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  1. #1
    Join Date
    Apr. 3, 2002
    SW MI

    Default Blanketing the Unclipped Horse

    I have an Arab mare that, while fat and furry, tends to need a blanket when temps REALLY dip low. I had never blanketed any of my horses before her, but the first winter I had her I came out one morning and she was shivering, and that was it.

    I have had winters that were so brutal she wore the blanket almost all the time, and I have winters so mild she only had it on a few times. The problem is that short of seeing her shivering, I don't have a good idea of precisely when to throw the blanket on. I don't want to wait until she gets that cold, but she also needs to shed some pounds and I don't want to baby her through the winter either.

    What criteria do you use to determine when to blanket your unclipped horses? Do you just throw it in if you are unsure and check them regularly to make sure they aren't too warm?

  2. #2
    Join Date
    Apr. 2, 2004
    Louisville, KY


    My TB mare also, while she does grow a decent coat, really can't handle the cold. She will shiver and she's a hard keeper already, so I don't want her to have to burn energy to keep warm.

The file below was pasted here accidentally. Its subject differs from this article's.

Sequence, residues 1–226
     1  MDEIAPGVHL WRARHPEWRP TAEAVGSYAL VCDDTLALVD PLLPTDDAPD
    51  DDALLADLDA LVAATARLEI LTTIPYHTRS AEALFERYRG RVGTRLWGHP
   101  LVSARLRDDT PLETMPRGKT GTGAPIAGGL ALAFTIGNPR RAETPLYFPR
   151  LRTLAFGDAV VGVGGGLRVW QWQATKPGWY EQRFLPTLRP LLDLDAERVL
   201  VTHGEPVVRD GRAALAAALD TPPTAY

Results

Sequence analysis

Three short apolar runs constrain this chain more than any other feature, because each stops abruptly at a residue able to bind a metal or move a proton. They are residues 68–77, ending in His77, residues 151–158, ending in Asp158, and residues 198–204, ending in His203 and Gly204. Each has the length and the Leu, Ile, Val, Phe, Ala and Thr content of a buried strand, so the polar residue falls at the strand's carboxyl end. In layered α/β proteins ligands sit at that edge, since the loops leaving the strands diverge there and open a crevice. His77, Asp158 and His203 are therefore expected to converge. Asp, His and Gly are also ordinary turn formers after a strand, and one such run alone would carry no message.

I have a medium weight blanket for her that gets the job done most of the winter. I usually put it on her at 35 if she will be out overnight. If she's in, then I wait until 30-25. The medium weight keeps her warm unless it drops below 15. I have a heavier one for those rare days, but she rarely wears it more than once or twice a year.

    I picked 35 by trial and error. That seems to be the temperature where she is toasty under the blanket but not sweaty.
    Strong promoter of READING the entire post before responding.

  3. #3
    Join Date
    Dec. 13, 1999
    Greensboro, NC


    If she's shivering, throw the blanket on, unless there are situations where you KNOW she will start having problems (ie extended cold rain)

    I understand what you mean - I have one who needs to lose a few pounds, so unless it's cold and wet, I leave him to burn calories to stay warm.
    The CoTH CYA - please consult w/your veterinarian under any and all circumstances. - ET

  4. #4
    Join Date
    Nov. 10, 2010
    NE PA


    I was taught by someone who is expert in these things to feel the base of the ear. The horses ear acts as a mini radiator and if the horse is cold, will slow blood to it to save heat for the rest. Has worked for me as a reliable indicator of temperature for 18 years.
    bad decisions make good stories

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